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Environmental Accounting of the Yellow-Tail Lambari Aquaculture: Sustainability of Rural Freshwater Pond Systems

1
Aquaculture Center, São Paulo State University (UNESP), Jaboticabal 14884-900, Brazil
2
Post-Graduation Program on Production Engineering, Paulista University (UNIP), São Paulo 04043-200, Brazil
3
Virginia Seafood Agricultural and Extension Center (VSAREC), Virginia Tech-Virginia Polytechnic Institute and State University, Hampton, VA 23669, USA
*
Author to whom correspondence should be addressed.
Academic Editors: Dimitris Klaoudatos, Dimitrios Vafidis, Marianthi Hatziioannou and Nikos Neofitou
Sustainability 2022, 14(4), 2090; https://doi.org/10.3390/su14042090
Received: 7 December 2021 / Revised: 5 February 2022 / Accepted: 9 February 2022 / Published: 12 February 2022
(This article belongs to the Special Issue Advances in Rural and Aquatic Sustainability)
Freshwater pond aquaculture is the prevailing fish culture system worldwide, especially in developing countries. The sustainability of such systems has not been assessed and it can be improved based on suitable scientific analyses. In the present study, we apply the emergy synthesis to assess the sustainability of lambari aquaculture, used as a model of freshwater pond monoculture in Brazil, to identify the key practices, and to propose changes to improve them towards sustainability. As a study model, nine semi-intensive lambari farms operating at three levels of management were evaluated: low (LC), moderate (MC) and high (HC) control. Results showed that the main inputs for LC were services (27–46%), feed (7–39%) and water (15–21%), while for the MC and HC farms, they were feed (35–49% and 17–48%, respectively) and services (33–39% and 26–36%, respectively). All farms required more than 60% of their emergy from purchased inputs, resulting in low emergy sustainability index (ESI = 0.1–0.5). Increasing juvenile productivity, using superficial water instead of springwater, controlling pond fertilization and replacing animal protein in diet composition by vegetable sources can lead systems to higher efficiency and resilience, increasing sustainability. View Full-Text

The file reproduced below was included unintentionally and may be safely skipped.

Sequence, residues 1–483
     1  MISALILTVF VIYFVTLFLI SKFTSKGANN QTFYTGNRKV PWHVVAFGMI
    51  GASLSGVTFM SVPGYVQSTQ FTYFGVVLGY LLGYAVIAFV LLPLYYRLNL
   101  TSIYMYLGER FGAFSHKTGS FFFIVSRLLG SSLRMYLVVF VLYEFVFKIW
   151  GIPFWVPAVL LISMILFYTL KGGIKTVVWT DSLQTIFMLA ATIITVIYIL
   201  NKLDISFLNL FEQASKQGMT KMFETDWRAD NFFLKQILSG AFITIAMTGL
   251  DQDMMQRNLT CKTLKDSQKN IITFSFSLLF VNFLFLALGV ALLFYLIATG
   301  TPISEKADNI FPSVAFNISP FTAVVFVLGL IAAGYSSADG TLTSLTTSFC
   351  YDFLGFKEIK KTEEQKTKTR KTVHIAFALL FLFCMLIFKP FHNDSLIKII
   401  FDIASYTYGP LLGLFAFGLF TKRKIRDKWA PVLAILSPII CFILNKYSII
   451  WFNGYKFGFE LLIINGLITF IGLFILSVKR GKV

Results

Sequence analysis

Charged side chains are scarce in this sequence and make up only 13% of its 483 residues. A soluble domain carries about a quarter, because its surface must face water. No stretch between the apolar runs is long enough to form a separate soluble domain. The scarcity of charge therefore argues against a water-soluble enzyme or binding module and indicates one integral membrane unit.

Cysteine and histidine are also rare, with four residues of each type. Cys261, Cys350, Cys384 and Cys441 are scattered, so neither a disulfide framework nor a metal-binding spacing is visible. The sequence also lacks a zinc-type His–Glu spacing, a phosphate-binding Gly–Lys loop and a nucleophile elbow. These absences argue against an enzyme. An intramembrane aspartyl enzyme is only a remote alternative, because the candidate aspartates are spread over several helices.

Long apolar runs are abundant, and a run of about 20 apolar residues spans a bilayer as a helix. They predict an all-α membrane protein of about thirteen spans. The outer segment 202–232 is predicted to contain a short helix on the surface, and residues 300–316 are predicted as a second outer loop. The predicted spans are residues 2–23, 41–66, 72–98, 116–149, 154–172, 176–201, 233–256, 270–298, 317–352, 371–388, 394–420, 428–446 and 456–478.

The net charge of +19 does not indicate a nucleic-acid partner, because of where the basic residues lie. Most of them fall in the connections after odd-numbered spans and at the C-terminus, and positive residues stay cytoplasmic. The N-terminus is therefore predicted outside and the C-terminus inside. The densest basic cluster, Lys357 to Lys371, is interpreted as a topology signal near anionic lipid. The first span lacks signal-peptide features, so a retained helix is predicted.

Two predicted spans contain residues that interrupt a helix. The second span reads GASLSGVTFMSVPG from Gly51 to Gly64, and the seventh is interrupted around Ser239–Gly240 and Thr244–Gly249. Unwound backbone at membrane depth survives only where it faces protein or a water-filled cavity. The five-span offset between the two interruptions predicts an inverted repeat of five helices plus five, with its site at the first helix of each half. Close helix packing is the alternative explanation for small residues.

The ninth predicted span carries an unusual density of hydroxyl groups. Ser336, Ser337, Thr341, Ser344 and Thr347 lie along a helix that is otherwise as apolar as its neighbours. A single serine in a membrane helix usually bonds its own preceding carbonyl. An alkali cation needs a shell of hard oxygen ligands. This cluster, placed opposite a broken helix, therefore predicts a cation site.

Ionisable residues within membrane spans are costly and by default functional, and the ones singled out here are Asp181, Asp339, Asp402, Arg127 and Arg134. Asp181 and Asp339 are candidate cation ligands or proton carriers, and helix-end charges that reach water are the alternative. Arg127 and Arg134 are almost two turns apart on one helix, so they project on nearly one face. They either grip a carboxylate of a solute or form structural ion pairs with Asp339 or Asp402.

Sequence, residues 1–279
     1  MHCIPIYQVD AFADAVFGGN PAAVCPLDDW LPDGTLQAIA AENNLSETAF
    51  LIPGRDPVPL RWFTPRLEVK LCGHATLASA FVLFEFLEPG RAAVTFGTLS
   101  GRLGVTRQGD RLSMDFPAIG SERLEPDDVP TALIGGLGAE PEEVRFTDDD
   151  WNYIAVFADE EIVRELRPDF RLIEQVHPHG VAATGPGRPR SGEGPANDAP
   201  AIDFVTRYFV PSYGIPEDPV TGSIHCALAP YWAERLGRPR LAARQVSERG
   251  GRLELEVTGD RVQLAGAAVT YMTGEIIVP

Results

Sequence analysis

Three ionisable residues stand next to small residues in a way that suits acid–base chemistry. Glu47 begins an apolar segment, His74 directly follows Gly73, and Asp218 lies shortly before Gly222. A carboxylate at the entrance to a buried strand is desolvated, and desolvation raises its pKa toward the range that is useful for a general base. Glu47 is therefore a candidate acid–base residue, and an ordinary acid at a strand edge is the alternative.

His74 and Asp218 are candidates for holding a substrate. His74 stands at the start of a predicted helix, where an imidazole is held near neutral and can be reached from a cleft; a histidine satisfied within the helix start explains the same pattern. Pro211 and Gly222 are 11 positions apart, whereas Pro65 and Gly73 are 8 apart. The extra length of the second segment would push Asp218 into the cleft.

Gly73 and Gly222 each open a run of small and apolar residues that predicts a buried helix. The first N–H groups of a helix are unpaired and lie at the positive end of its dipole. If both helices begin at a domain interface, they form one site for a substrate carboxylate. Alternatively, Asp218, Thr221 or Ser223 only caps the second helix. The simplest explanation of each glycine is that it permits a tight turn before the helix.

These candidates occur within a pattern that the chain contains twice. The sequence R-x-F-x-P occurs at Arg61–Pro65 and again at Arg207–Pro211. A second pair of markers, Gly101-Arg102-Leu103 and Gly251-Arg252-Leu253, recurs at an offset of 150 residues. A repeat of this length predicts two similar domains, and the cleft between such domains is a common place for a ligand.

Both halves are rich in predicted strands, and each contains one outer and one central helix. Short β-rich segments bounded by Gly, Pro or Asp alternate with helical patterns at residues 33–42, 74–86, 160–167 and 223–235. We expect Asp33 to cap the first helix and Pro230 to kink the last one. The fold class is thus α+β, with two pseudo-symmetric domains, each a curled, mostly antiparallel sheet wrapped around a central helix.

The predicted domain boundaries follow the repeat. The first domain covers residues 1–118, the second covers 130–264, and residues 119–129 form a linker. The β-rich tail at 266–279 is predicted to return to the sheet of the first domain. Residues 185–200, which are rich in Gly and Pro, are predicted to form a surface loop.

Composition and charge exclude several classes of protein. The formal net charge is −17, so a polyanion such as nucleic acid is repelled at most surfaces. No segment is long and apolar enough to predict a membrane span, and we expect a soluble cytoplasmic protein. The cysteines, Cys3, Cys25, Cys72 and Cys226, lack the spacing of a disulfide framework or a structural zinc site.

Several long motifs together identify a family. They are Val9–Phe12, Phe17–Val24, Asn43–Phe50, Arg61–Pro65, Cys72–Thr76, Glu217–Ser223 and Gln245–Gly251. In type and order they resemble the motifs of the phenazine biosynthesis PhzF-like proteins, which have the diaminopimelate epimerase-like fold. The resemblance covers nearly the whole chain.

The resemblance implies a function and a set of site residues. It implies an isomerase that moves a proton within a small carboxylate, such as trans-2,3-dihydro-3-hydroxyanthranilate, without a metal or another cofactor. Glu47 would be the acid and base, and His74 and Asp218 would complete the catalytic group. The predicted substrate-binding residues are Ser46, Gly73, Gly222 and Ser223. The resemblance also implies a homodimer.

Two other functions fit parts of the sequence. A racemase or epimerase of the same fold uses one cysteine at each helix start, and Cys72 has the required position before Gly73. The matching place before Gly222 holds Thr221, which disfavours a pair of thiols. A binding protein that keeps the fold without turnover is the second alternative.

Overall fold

Keywords: rural aquaculture; water use; emergy; fish production rural aquaculture; water use; emergy; fish production
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MDPI and ACS Style

Fonseca, T.; Valenti, W.C.; Giannetti, B.F.; Gonçalves, F.H.; Agostinho, F. Environmental Accounting of the Yellow-Tail Lambari Aquaculture: Sustainability of Rural Freshwater Pond Systems. Sustainability 2022, 14, 2090. https://doi.org/10.3390/su14042090

AMA Style

Fonseca T, Valenti WC, Giannetti BF, Gonçalves FH, Agostinho F. Environmental Accounting of the Yellow-Tail Lambari Aquaculture: Sustainability of Rural Freshwater Pond Systems. Sustainability. 2022; 14(4):2090. https://doi.org/10.3390/su14042090

Chicago/Turabian Style

Fonseca, Tamara, Wagner C. Valenti, Biagio F. Giannetti, Fernando H. Gonçalves, and Feni Agostinho. 2022. "Environmental Accounting of the Yellow-Tail Lambari Aquaculture: Sustainability of Rural Freshwater Pond Systems" Sustainability 14, no. 4: 2090. https://doi.org/10.3390/su14042090

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